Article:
Hepatic inflammation is correlated with increased lysosomal cholesterol accumulation

Interestingly, it was shown that lysosomal cholesterol accumulation in vitro was associated with increased pH inside lysosomes [17], which can lead to partial lysosomal enzyme inactivation and an inflammatory response. Similarly, it was shown that in foam cells of advanced atherosclerotic plaques, cholesterol is not transferred into the cytoplasm but rather accumulates in the lysosomes of the macrophages [18]. Several lines of evidence further indicate an association between lysosomal cholesterol accumulation and inflammation: first, lysosomal acid lipase (LAL) is the essential enzyme for the hydrolysis of triglycerides and cholesteryl esters in lysosomes. Similar to our observations in hyperlipidemic mice, a deficiency of this enzyme was found to lead to lysosomal cholesterol accumulation and inflammation [12]. Moreover, exogenous LAL administration in Ldlr−/− mice led to a significant reduction in hepatic inflammation and lipid accumulation. Furthermore, the macrophage-specific expression of human LAL was found to correct inflammation in Lal−/− mice [12]. Likewise, patients with mutations in Niemann-Pick type C (NPC) 1 and 2, proteins which facilitate the movement of cholesterol from the lysosomes to the cytoplasmic compartment, commonly have a very poorly functioning liver, and about 10% of these patients dies from liver failure [19], [20]. Second, lysosomes have been assigned a central role in many processes involving tissue injury and inflammation [21]. Likewise, increased lysosomal cholesterol accumulation contributes to disturbed autophagy, a process that has recently emerged as an important regulatory pathway of the innate immune response [22]. Finally, it was recently demonstrated that oxLDL has the potential to damage lysosomal membranes and thereby prime cells for inflammation [23].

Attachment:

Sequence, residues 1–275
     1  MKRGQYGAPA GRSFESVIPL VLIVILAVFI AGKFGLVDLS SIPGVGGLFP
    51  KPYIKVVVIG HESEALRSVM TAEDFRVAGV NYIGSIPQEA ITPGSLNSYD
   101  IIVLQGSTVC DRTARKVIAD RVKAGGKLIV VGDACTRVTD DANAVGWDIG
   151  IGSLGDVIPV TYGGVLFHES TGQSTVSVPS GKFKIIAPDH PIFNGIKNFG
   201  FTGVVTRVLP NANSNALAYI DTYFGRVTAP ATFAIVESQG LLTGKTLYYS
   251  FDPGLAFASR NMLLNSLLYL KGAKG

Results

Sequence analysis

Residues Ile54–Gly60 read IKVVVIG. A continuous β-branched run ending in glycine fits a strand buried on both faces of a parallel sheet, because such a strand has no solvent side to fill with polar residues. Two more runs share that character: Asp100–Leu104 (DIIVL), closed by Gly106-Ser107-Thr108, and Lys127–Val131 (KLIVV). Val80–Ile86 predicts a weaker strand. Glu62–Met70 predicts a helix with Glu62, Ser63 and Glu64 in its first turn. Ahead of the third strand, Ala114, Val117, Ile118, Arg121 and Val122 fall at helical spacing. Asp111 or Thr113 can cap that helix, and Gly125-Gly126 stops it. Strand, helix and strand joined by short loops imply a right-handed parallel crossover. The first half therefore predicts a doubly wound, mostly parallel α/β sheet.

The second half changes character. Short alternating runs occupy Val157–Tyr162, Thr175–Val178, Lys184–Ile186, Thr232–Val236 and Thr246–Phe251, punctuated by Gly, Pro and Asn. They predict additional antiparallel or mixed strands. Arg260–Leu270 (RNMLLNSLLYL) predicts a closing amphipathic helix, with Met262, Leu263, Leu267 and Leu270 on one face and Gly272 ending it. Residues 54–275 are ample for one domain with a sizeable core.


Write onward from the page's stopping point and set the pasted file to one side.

Taken altogether, our novel observations point towards the role of scavenger receptors during hepatic inflammation, resulting in abnormal cholesterol trafficking in KCs. These data provide a new basis for prevention and treatment of NASH.

Acknowledgments

We are grateful to Hans Duimel and Marie-Hélène Lenders (Maastricht University) for their excellent technical help.

Author Contributions

Conceived and designed the experiments: VB MHH RSS. Performed the experiments: VB PJvG TH KW RSS. Analyzed the data: VB FV PJvG TH DL MJJG CJB. Contributed reagents/materials/analysis tools: MF. Wrote the paper: VB RSS.